So I spent an hour or so putting together a mosaic of furniture choices for her. The Lazy Boyz are a must, apparently -- bad backs all around. The couch is 9 feet long and covered in velvet. My couch is velvet and so far its resisting stains pretty well.

The room is painted a buttery yellow.

So: two leather LazyBoyz in a reasonable design -- she originally wanted the basement entirely paneled with bookshelves and books, and to be a library, and I think these recall that look. Something she can snuggle into with a cup of tea. There is a wet bar; I want 18 inches of Moroccan tile as a back splash (no wee back splash. let them make a statement), with a faux animal head above it. there would be a shelf above the tile -- hard against it, no gaps -- for blue hand blown glassware (the kind they sell in Tijuana). The niche above the tile would be painted -- either green or gold - something drawn from the tiles, and something that will make the head pop.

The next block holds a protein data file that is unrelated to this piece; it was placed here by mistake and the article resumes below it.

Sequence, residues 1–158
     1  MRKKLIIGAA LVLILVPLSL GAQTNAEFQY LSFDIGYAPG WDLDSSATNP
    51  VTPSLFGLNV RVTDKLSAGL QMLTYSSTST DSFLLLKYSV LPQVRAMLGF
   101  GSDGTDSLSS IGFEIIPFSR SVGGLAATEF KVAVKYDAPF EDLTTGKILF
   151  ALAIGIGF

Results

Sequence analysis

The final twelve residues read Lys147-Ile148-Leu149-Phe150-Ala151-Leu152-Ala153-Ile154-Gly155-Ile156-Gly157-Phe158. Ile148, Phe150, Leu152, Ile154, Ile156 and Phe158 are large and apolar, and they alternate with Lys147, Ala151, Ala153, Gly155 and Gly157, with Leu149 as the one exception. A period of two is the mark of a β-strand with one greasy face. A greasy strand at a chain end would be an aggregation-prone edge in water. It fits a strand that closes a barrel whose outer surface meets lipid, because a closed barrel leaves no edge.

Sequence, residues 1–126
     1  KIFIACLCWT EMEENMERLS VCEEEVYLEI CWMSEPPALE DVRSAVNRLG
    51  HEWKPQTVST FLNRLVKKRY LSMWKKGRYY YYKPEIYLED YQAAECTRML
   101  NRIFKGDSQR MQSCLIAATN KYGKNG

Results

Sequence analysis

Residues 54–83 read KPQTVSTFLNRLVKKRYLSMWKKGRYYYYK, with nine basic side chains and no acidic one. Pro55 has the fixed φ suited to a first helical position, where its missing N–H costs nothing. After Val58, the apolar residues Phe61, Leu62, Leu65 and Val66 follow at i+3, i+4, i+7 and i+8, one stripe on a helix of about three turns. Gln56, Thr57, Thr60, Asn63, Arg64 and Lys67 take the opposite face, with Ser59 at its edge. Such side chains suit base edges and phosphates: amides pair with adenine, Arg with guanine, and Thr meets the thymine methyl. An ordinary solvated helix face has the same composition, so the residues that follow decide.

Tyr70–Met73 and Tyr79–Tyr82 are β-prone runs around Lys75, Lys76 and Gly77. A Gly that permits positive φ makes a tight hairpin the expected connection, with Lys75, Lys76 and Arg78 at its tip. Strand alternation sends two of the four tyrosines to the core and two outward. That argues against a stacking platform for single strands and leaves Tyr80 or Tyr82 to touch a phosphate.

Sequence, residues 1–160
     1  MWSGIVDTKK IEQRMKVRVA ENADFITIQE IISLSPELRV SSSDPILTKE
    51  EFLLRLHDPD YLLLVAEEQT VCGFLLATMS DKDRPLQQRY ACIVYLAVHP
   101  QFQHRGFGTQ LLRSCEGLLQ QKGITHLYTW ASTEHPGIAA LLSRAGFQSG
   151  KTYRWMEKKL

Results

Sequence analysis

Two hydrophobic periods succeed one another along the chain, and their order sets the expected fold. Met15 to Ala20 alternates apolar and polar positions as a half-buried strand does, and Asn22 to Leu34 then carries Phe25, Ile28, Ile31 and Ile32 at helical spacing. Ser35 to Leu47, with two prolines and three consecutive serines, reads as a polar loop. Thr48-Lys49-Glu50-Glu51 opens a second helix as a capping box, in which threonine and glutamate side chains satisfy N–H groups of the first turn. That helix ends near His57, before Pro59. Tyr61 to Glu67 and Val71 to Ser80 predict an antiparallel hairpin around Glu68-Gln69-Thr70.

She really wants something zebra, so some pillows I think. Maybe a zebra rug from west elm across the room under the game table. More on that in a second.

On the floor, two 5X8 rugs (so 10 X 8) from West Elm.

Two mismatched blue poufs to bring the blue from the tile into the room and get out of the earth tones for a second - additional seating, or to put feet up on. Some cocktail tables here and there -- I like the rough-hewn wood one. One or two rush ottomans -- these are 24 inches diameter and -16 inches high. They are on wheels which is important because there is going to be yoga done. The coffee table needs to be easy to move.